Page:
Patients with Alzheimer's disease (AD) are often prescribed drugs for other conditions -- including diabetes or high blood pressure -- at the same doses as those without dementia. That practice might need to be reexamined in the wake of new mouse studies reported in ACS' Molecular Pharmaceutics. The findings suggest that AD could alter absorption of medications from the digestive tract, so dosages might need to be adjusted for these patients.
Because AD is primarily considered a disease of the nervous system, scientists have mostly focused on its impact on drug uptake across the blood-brain barrier (BBB). Their research revealed that the quantity and function of proteins that transport drugs through the BBB are altered in people with AD. Less attention has been given to other biological barriers, such as the intestine's lining, through which oral drugs pass into the bloodstream. The few small studies published on this subject, however, suggest that this absorption process may be disrupted in AD. Joseph A. Nicolazzo and colleagues wanted to know if these changes could occur with drugs commonly prescribed to AD patients.
Using mice that serve as a model for AD, the team measured absorption of compounds that move from the small intestine to the bloodstream through three different mechanisms. For example, blood plasma levels of diazepam, which diffuses passively through intestinal cells to reach the bloodstream, were similar in AD mice compared with control mice. But AD mice had less valsartan and digoxin in their plasma than controls. Passage of these drugs through intestinal cells is controlled by transporters that could be disrupted by AD, according to the team's prior research. These drugs may also pass through gaps between intestinal cells, and tissue samples indicated that these gaps might be more restrictive in AD mice. If these findings translate to people with AD, the researchers recommend revisiting dosing regimens for certain drugs to ensure their plasma concentrations remain in the appropriate range.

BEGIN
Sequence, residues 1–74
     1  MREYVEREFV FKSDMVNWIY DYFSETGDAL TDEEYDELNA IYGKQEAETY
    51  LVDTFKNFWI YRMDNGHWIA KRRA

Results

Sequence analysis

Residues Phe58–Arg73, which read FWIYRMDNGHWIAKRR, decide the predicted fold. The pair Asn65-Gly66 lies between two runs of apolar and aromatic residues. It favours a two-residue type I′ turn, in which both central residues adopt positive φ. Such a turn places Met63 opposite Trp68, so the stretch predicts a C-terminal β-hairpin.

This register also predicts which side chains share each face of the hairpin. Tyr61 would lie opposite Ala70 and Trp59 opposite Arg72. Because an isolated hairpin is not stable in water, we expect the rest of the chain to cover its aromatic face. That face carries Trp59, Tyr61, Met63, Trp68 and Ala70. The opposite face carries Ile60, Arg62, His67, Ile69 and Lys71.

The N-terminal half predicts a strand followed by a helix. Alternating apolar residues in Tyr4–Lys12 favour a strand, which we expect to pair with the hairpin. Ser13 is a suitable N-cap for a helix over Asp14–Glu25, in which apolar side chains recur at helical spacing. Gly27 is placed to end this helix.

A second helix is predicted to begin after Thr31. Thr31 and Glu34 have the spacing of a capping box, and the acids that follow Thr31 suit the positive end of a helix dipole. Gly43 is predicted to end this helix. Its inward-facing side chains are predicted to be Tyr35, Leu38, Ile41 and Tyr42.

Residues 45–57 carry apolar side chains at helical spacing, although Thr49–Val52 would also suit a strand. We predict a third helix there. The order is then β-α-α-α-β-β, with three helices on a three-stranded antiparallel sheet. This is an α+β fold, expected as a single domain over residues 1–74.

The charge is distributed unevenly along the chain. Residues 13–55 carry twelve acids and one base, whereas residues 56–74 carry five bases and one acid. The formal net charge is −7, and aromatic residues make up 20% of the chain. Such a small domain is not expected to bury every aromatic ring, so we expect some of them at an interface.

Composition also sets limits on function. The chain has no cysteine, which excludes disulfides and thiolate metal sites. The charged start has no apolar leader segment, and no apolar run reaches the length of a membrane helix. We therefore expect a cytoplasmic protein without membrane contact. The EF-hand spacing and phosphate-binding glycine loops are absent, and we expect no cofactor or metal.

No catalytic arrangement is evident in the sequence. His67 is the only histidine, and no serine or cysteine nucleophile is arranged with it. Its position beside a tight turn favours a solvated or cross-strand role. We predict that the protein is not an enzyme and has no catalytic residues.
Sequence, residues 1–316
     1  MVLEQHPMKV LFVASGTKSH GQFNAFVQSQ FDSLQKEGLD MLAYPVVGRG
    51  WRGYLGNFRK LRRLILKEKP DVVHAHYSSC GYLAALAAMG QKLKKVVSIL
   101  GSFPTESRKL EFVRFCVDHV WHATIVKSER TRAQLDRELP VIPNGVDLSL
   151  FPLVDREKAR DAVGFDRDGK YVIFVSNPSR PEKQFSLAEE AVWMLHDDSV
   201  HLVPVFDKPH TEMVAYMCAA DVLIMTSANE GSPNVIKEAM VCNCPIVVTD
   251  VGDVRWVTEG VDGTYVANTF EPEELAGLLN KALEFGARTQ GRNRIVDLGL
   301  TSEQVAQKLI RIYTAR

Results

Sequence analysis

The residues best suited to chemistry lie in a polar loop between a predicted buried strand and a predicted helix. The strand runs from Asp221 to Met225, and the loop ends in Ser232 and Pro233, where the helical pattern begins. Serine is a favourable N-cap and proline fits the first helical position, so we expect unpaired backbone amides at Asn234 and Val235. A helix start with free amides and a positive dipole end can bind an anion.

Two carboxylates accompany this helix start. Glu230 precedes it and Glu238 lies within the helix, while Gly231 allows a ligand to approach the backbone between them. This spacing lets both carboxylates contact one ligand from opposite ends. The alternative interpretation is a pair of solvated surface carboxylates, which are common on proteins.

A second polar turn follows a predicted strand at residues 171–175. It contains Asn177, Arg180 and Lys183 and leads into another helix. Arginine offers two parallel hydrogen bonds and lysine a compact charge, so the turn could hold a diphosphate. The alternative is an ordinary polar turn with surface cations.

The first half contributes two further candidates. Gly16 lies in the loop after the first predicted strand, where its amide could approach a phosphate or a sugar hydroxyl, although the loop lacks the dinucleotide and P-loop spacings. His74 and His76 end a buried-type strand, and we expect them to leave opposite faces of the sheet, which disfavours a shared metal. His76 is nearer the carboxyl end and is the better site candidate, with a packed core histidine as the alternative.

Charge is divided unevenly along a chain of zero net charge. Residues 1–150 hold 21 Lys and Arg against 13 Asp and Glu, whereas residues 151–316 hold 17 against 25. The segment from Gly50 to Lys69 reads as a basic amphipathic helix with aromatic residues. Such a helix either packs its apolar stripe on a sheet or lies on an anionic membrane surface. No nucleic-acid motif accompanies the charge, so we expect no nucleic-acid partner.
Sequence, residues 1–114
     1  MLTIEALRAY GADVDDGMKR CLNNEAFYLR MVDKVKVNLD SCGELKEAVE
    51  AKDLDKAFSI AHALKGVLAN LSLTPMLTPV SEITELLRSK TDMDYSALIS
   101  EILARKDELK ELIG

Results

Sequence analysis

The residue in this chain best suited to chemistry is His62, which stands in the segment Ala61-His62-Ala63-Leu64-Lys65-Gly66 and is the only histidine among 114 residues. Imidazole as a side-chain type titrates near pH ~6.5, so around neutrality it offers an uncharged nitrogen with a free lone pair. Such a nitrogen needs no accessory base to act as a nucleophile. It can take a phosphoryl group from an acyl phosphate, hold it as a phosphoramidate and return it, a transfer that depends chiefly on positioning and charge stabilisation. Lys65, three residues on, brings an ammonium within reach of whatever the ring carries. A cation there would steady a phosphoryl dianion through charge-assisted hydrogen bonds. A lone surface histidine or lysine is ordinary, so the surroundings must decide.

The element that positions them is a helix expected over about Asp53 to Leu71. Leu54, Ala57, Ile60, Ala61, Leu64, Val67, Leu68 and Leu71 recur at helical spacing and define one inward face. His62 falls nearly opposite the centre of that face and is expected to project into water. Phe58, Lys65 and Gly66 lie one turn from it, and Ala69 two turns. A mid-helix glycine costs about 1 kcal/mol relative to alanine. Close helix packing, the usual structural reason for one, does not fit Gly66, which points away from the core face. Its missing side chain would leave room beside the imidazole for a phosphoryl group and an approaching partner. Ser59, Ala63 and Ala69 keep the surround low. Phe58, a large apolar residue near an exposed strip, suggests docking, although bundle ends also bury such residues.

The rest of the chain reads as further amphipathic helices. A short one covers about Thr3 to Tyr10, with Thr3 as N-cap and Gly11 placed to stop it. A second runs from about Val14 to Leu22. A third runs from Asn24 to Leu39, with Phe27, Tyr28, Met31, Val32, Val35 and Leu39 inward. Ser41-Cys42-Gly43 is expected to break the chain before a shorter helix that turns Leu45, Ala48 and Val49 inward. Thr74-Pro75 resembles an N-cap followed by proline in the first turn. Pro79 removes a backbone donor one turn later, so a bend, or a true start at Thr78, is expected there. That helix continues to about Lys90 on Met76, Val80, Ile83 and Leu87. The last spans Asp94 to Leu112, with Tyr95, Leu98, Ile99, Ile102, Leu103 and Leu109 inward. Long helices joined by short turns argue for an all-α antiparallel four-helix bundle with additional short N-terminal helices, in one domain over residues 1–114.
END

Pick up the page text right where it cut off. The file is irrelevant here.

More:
The authors acknowledge funding from PharmAlliance, Bethlehem Griffiths Research Foundation, the Alzheimer's Association and the National Institute of General Medical Sciences of the National Institutes of Health.
The abstract that accompanies this paper can be viewed here.
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